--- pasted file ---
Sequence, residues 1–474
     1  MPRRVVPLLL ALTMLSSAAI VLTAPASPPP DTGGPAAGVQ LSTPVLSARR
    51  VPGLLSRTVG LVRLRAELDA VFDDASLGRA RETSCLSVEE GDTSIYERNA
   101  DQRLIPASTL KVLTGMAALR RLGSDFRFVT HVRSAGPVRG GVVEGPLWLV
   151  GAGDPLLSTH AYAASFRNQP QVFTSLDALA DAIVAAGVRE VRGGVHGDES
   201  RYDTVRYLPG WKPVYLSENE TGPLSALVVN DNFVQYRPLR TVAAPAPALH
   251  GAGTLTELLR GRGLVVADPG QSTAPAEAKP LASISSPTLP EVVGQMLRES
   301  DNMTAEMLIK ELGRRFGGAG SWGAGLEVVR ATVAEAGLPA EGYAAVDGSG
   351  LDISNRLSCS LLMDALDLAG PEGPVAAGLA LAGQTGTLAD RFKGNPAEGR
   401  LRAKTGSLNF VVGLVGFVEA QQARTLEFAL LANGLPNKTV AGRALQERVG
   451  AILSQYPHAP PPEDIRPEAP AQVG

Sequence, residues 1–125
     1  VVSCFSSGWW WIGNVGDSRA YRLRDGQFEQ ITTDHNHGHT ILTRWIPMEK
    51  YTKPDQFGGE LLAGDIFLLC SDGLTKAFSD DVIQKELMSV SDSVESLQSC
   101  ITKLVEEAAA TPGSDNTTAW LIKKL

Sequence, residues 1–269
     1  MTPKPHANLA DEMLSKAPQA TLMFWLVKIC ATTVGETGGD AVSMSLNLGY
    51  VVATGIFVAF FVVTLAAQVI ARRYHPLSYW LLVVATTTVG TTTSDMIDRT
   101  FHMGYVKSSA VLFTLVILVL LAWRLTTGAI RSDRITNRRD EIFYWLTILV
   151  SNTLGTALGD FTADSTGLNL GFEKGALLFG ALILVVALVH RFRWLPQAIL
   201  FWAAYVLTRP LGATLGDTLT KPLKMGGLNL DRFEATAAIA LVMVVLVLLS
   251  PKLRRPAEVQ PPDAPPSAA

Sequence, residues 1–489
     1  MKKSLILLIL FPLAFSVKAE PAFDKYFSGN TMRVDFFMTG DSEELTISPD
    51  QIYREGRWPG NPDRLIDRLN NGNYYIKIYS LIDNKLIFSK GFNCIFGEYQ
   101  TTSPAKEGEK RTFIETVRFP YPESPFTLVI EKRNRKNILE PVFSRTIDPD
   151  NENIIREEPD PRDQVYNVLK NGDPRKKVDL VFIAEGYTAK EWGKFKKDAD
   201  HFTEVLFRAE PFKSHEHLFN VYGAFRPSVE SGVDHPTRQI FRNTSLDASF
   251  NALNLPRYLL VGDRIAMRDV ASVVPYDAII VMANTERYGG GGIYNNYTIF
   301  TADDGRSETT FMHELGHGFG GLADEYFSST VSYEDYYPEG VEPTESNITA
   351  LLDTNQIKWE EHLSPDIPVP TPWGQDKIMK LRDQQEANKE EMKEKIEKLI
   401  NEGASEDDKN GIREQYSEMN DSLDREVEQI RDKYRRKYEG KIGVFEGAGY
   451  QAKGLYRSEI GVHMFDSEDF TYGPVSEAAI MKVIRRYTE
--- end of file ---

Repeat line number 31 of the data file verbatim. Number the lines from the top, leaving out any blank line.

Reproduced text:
   351  LLDTNQIKWE EHLSPDIPVP TPWGQDKIMK LRDQQEANKE EMKEKIEKLI